Verse 31. - And Israel saw that great work. The "work" was, at the least,

(1) the (almost) entire destruction of that arm of the service - the chariot force-on which the Egyptian kings mainly relied for success in all their wars; and

(2) the defeat and disgrace of the Egyptian king himself, in an expedition for which he was alone responsible, involving permanent discredit to his military capacity, and naturally tending to shake his authority over his subjects. It secured the Israelites from further persecution, mainly by the reminiscences which it left behind, but partly also by removing them to a distance from the natural course of Egyptian warlike or commercial movement. Though Egypt had mining establishments in the Sinaitic peninsula, at Wady-Magharah and Sarabit-el-Khadim, yet as these were avoided by the Israelites on their way to Sinai, and never afterwards approached, there naturally was no collision between them and the Pharaonic garrisons at those sites. Still more remote were they during their wanderings from the Egyptian military route, which proceeded along the coast from Pelusium to Gaza, and then ran northwards through the Shephelah. Thus the Passage of the Red Sea brought one phase in the life of the people to an end, and was the commencement of another. It separated them from Egypt until the time came when their king would hold communication with its monarch on equal terms (1 Kings 3:1). It secured their independence, and raised them at once into a nation. It further caused them to exchange the artificial life of a bureaucratical and convention-loving community for the open space and untrammelled freedom of the desert. It thus rejuvenated and reinvigorated the race, and enabled them to enter on that career of conquest which culminated in the Kingdom - may we not say the Empire? - of David. some writers have supposed that the blow to the Egyptian power was greater than here represented. They believe the entire warrior caste or class to have taken part in the expedition, and to have been destroyed in the Red Sea Thus they describe the calamity as "the total annihilation of the whole military force of the Egyptians" (Kalisch). They also believe the Pharaoh to have perished with his host. To the present writer it seems that the former opinion is contrary both to the text of Scripture, and to the after course of Egyptian history, for it is agreed on all hands that Egypt continued nearly as powerful as before, while the latter he regards as at least exceedingly doubtful. Psalm 86:15, is quoted as asserting it; but it appears to him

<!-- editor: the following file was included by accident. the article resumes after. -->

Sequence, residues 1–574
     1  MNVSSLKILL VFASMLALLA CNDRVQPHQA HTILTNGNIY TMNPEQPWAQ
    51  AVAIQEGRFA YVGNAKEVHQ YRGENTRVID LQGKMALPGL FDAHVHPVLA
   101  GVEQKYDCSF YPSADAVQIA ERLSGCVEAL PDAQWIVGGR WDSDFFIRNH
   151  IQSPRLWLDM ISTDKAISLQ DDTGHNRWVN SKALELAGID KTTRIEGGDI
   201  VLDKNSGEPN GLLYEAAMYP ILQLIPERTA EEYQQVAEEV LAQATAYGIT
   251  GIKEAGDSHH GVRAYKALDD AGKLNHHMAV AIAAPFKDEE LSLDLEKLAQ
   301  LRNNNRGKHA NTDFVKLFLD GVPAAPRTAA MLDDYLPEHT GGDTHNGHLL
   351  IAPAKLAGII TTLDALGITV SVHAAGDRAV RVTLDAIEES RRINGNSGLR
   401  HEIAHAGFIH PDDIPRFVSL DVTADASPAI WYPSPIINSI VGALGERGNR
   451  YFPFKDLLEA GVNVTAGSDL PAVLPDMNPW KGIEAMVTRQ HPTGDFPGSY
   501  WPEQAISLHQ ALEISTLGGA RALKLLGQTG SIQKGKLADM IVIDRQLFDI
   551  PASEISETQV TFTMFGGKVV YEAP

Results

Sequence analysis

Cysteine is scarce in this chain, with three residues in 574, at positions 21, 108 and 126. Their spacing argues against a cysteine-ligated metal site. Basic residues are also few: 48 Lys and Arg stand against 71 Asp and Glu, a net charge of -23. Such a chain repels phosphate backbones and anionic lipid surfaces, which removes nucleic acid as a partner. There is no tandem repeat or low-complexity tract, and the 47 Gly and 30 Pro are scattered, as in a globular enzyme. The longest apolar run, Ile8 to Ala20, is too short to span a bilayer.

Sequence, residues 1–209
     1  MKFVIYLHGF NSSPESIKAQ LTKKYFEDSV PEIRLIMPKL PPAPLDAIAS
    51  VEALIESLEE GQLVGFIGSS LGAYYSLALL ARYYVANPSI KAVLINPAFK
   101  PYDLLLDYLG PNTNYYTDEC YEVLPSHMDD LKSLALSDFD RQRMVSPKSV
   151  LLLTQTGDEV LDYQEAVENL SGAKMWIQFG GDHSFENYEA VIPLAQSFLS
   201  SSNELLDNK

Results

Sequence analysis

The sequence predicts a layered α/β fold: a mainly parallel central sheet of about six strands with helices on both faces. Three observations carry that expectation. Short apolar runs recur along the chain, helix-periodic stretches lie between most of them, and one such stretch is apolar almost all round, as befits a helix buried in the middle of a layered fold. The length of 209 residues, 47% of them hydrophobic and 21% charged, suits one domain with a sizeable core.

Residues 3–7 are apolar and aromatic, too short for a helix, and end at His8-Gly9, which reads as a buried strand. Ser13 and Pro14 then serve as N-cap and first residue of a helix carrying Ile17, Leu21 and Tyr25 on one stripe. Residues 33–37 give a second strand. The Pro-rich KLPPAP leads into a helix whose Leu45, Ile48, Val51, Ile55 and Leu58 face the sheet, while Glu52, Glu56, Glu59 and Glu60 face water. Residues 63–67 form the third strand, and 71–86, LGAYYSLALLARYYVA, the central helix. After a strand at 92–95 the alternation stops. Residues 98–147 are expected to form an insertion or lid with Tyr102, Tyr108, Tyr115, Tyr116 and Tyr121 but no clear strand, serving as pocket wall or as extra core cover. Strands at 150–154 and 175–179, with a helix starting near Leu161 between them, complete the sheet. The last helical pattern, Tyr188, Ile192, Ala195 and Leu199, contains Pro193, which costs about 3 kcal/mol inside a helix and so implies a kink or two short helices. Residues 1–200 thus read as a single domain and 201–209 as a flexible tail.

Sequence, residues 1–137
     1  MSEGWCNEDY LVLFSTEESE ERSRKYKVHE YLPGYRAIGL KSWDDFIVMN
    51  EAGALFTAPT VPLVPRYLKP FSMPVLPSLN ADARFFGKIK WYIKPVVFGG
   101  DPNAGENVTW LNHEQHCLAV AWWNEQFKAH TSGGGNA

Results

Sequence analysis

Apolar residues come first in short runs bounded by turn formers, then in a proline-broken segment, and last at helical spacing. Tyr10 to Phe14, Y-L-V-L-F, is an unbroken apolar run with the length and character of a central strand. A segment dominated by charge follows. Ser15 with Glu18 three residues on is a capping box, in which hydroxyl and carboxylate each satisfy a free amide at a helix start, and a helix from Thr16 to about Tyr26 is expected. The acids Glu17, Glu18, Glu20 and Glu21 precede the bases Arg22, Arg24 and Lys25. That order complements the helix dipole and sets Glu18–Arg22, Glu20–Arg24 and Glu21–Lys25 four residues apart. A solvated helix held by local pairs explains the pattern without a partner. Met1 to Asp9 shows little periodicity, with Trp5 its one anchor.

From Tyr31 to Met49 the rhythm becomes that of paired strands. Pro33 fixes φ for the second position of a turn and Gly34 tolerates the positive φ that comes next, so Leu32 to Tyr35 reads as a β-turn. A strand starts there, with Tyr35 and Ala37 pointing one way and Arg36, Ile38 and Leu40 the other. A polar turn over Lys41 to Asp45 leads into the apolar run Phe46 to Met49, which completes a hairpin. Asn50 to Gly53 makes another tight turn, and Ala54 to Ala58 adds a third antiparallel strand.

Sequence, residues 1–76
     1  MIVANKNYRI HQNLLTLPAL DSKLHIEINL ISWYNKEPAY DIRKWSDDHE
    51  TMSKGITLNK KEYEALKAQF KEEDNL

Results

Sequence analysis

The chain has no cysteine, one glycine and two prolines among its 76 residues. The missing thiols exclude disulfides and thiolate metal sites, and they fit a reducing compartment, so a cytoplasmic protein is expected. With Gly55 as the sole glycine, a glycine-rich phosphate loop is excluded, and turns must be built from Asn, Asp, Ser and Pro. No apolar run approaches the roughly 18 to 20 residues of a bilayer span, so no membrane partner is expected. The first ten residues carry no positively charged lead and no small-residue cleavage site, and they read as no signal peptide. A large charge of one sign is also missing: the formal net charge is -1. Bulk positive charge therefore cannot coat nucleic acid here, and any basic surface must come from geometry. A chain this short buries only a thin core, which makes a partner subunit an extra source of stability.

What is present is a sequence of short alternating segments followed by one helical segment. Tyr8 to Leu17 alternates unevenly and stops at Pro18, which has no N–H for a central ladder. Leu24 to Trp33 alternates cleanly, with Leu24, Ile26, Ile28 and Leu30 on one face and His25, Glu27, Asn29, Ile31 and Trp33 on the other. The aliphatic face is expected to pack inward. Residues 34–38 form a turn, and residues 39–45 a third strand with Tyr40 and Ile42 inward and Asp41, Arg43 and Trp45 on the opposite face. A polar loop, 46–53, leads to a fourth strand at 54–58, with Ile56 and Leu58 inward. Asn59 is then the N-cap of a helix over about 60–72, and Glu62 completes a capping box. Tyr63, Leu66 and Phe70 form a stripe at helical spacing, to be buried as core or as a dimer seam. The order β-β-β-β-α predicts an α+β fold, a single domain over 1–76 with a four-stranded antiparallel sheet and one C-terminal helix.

(1) that "overthrow" is not necessarily "death;" and

(2) that "Pharaoh and his host ' may be put for "Pharaoh's host" by hendiadys. The absence of any prophecy that God would take the Pharaoh's life, and the entire silence of Moses on the subject in chs. 14. and 15. seems to be scarcely explicable on any other theory than that he escaped, not having accompanied his chariot force in its rash pursuit of the Israelites.



14:21-31 The dividing the Red sea was the terror of the Canaanites, Jos 2:9; the praise and triumph of the Israelites, Ps 114:3; 106:9; 136:13. It was a type of baptism, 1Co 10:1,2. Israel's passage through it was typical of the conversion of souls, Isa 11:15; and the Egyptians being drowned in it was typical of the final ruin of all unrepenting sinners. God showed his almighty power, by opening a passage through the waters, some miles over. God can bring his people through the greatest difficulties, and force a way where he does not find it. It was an instance of his wonderful favour to his Israel. They went through the sea, they walked upon dry land in the midst of the sea. This was done, in order to encourage God's people in all ages to trust him in the greatest straits. What cannot he do who did this? What will not he do for those that fear and love him, who did this for these murmuring, unbelieving Israelites? Then followed the just and righteous wrath of God upon his and his people's enemies. The ruin of sinners is brought on by their own rage and presumption. They might have let Israel alone, and would not; now they would flee from the face of Israel, and cannot. Men will not be convinced, till it is too late, that those who meddle with God's people, meddle to their own hurt. Moses was ordered to stretch out his hand over the sea; the waters returned, and overwhelmed all the host of the Egyptians. Pharaoh and his servants, who had hardened one another in sin, now fell together, not one escaped. The Israelites saw the Egyptians dead upon the sands. The sight very much affected them. While men see God's works, and feel the benefit, they fear him and trust in him. How well were it for us, if we were always in as good a frame as sometimes! Behold the end to which a Christian may look forward. His enemies rage, and are mighty; but while he holds fast by God, he shall pass the waves in safety guarded by that very power of his Saviour, which shall come down on every spiritual foe. The enemies of his soul whom he hath seen to-day, he shall see no more for ever.